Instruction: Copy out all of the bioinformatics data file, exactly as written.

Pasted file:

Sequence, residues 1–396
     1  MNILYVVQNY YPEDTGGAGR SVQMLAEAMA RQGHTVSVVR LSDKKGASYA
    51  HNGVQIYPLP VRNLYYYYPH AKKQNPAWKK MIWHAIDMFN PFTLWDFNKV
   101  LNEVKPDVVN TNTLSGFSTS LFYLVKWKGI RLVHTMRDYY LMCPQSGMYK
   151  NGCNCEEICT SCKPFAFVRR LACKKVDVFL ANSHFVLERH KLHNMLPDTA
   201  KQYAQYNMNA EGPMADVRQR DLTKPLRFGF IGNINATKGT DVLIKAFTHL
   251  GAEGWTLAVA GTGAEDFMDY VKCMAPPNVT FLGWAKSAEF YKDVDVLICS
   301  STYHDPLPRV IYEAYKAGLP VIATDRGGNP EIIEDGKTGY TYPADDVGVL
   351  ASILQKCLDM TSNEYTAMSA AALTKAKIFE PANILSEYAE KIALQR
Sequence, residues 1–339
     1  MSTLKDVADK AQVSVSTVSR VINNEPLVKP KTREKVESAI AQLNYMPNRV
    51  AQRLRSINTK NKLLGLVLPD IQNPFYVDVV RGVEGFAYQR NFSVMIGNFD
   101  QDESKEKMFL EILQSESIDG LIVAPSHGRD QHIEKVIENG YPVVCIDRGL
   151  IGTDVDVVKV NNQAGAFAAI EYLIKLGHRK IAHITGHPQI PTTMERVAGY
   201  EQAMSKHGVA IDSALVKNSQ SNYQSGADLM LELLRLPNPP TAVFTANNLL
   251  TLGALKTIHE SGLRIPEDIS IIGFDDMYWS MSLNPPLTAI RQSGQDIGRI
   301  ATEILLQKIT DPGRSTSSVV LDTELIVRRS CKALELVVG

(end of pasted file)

Sequence, residues 1–396
     1  MNILYVVQNY YPEDTGGAGR SVQMLAEAMA RQGHTVSVVR LSDKKGASYA
    51  HNGVQIYPLP VRNLYYYYPH AKKQNPAWKK MIWHAIDMFN PFTLWDFNKV
   101  LNEVKPDVVN TNTLSGFSTS LFYLVKWKGI RLVHTMRDYY LMCPQSGMYK
   151  NGCNCEEICT SCKPFAFVRR LACKKVDVFL ANSHFVLERH KLHNMLPDTA
   201  KQYAQYNMNA EGPMADVRQR DLTKPLRFGF IGNINATKGT DVLIKAFTHL
   251  GAEGWTLAVA GTGAEDFMDY VKCMAPPNVT FLGWAKSAEF YKDVDVLICS
   301  STYHDPLPRV IYEAYKAGLP VIATDRGGNP EIIEDGKTGY TYPADDVGVL
   351  ASILQKCLDM TSNEYTAMSA AALTKAKIFE PANILSEYAE KIALQR
Sequence, residues 1–339
     1  MSTLKDVADK AQVSVSTVSR VINNEPLVKP KTREKVESAI AQLNYMPNRV
    51  AQRLRSINTK NKLLGLVLPD IQNPFYVDVV RGVEGFAYQR NFSVMIGNFD
   101  QDESKEKMFL EILQSESIDG LIVAPSHGRD QHIEKVIENG YPVVCIDRGL
   151  IGTDVDVVKV NNQAGAFAAI EYLIKLGHRK IAHITGHPQI PTTMERVAGY
   201  EQAMSKHGVA IDSALVKNSQ SNYQSGADLM LELLRLPNPP TAVFTANNLL
   251  TLGALKTIHE SGLRIPEDIS IIGFDDMYWS MSLNPPLTAI RQSGQDIGRI
   301  ATEILLQKIT DPGRSTSSVV LDTELIVRRS CKALELVVG